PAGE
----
Divisions of Ecclesiastical Units of Administration
Prior to the Synod of Rathbreasail in 1111 the Irish ecclesiastical system was organised on a monastic basis. This synod established the two ecclesiastical provinces of Armagh and Cashel while the Synod of Kells, in 1152, introduced two further ecclesiastical provinces, those of Tuam and Dublin. Today, there are twenty-six Roman Catholic dioceses and they remain unaffected by the political division of the Republic of Ireland and Northern Ireland, with the four dioceses of Derry, Armagh, Clogher and Kilmore having parishes in both jurisdictions.
Church of Ireland
The Church of Ireland has two Archbishoprics; the Archbishopric of Armagh, in the northern province, which is divided into eight dioceses covering Northern Ireland and the counties north of a line from Dublin to Galway, and the Archbishopric of Dublin, consisting of six dioceses in the southern province.
This is the smallest division in the administration of the Catholic Church. Parishes evolved around the old monastic centres, but formal parish organisation dates from the eleventh and twelfth centuries when, in 1106, Gilbert, Bishop of Limerick, devised a new system of diocesan and parochial organisation.
Territorially Roman Catholic parishes are, in the main, amalgamations of two or more pre-Reformation ones. In some instances the centre of settlement in the parish became the name of the parish with the old names dropped. The Reformation saw the dissolution of the monasteries and the confiscation of Church lands and property. Subsequently, the Catholic and Protestant Churches adopted separate parochial systems, the latter maintaining the old system, and the former establishing larger parishes, some of which were later subdivided following increases in population in the late eighteenth and nineteenth centuries. In the seventeenth century the suppression of the Catholic Church by the Penal laws resulted in upheaval, destroying the Church structure as it had survived since medieval times.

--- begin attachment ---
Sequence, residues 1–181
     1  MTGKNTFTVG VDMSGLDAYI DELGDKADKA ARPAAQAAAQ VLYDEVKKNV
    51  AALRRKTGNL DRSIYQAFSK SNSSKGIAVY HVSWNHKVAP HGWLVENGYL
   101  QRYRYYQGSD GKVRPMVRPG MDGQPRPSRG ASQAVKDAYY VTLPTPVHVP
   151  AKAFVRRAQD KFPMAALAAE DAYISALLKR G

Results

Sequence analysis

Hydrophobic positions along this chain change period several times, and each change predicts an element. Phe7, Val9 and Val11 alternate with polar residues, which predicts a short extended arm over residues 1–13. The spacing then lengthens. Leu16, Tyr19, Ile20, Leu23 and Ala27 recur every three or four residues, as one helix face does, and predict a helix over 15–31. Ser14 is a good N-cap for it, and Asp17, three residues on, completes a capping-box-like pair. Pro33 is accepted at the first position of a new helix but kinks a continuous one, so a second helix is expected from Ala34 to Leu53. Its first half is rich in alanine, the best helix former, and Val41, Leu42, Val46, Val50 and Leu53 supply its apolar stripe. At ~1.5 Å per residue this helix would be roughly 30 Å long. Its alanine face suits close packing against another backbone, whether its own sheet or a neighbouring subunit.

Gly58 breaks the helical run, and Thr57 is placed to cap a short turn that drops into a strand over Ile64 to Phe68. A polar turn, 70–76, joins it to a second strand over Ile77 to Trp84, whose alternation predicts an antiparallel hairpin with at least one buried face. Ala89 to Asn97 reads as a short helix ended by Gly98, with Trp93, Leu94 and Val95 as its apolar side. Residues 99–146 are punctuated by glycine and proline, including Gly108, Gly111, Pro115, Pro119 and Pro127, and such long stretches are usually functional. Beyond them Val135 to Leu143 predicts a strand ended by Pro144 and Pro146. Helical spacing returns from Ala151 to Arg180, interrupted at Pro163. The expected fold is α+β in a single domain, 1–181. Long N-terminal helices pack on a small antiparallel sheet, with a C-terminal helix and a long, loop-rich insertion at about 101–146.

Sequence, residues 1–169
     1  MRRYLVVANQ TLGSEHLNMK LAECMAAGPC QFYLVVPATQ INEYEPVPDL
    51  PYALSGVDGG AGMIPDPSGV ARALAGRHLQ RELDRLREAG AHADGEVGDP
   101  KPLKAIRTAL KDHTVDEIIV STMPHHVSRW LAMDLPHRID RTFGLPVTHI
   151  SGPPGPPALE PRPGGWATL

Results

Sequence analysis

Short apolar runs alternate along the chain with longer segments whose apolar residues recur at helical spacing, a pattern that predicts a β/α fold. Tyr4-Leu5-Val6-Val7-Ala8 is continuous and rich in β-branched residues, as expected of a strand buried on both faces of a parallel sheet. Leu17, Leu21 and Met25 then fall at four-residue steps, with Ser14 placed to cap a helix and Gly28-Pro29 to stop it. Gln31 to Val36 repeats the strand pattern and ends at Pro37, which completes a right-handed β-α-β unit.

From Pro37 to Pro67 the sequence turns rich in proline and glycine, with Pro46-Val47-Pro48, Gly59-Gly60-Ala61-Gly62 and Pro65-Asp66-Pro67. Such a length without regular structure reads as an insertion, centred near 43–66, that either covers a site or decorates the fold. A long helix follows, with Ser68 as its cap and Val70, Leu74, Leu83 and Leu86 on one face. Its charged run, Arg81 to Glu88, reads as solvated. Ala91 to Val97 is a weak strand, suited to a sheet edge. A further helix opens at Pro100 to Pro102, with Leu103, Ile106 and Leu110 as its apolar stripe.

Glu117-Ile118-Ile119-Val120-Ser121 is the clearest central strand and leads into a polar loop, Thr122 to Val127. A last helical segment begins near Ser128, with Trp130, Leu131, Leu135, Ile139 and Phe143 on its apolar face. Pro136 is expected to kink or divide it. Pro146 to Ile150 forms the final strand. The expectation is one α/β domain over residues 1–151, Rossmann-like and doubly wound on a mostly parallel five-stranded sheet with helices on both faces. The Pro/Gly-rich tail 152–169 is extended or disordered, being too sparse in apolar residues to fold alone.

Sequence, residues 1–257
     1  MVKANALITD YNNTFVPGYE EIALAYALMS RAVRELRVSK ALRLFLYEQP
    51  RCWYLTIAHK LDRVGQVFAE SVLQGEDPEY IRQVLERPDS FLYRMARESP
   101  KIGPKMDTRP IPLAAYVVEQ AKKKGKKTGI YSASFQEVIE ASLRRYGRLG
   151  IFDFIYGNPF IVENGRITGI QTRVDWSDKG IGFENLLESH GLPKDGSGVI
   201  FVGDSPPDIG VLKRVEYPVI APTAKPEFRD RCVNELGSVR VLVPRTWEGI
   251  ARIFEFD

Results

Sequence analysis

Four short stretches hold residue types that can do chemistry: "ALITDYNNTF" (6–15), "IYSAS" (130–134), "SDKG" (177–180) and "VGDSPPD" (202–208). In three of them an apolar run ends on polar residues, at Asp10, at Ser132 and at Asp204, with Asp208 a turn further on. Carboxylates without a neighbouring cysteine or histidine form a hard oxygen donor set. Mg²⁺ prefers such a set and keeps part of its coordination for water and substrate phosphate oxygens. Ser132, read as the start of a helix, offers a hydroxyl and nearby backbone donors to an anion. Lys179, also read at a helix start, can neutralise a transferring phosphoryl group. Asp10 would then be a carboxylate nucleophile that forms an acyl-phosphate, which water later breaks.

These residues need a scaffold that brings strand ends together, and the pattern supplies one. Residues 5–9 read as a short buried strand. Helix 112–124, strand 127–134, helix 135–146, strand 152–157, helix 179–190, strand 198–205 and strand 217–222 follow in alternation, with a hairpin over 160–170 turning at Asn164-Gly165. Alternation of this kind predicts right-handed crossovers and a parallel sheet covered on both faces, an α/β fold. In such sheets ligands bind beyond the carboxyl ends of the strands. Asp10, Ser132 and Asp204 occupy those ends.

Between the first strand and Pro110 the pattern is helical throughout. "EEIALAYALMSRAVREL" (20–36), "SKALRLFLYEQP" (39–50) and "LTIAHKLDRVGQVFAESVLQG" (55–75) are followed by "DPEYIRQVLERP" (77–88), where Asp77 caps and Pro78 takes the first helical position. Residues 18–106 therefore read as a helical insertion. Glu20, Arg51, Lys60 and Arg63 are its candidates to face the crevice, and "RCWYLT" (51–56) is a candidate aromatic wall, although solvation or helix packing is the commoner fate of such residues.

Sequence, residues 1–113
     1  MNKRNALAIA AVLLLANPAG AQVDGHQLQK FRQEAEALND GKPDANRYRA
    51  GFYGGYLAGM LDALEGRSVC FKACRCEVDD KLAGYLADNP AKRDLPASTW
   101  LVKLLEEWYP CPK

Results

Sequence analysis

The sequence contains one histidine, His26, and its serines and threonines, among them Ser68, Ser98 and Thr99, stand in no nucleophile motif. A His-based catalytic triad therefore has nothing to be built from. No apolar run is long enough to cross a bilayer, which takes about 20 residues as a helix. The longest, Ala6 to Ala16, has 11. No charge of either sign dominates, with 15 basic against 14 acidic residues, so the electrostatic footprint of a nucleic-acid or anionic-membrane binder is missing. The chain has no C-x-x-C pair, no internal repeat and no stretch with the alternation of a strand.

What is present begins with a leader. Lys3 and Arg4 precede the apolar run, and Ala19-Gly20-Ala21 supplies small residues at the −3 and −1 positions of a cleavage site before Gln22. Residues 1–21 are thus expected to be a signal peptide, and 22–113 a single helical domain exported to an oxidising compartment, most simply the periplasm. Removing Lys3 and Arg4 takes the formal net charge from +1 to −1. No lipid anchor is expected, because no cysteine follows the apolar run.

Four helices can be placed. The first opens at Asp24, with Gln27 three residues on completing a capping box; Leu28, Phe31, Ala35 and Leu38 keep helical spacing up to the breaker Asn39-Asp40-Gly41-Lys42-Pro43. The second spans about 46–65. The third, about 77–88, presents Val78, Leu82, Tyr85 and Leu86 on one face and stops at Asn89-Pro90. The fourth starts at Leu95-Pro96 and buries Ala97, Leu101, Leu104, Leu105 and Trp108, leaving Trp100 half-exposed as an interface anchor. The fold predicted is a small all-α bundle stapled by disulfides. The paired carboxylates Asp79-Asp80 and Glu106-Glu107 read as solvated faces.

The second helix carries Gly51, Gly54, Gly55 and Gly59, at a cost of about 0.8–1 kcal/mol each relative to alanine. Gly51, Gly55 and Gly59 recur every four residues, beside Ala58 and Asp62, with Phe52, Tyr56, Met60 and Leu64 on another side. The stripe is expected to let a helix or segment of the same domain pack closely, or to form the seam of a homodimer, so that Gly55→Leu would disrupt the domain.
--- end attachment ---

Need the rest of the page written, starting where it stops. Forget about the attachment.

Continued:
However, the RC parish had no administrative status but is important as records were kept of parishioners’ baptisms & marriages &, occasionally, burials. The commencement date of these records varies from parish to parish. These records were not kept for historical purposes & so the information contained in the registers is not consistent from parish to parish or within a parish, e.g. some parishes contain no townland or street addresses while others might include the address plus the father’s occupations.
The parochial structures of today have little in common with those of the Middle Ages. The majority of parish churches date from the early nineteenth century and were located in villages and towns, illustrating that Catholic parishes were bases at centres of rural and urban population.
After the Reformation the original parish unit & name continued to be used by the Anglican Church which in Ireland became known as the Church of Ireland (Protestant Church). Some of the C of I parishes were united by the mid-seventeenth century. Today, because of diminishing numbers, they have been formed into Unions but the original parish names are still retained within the Unions.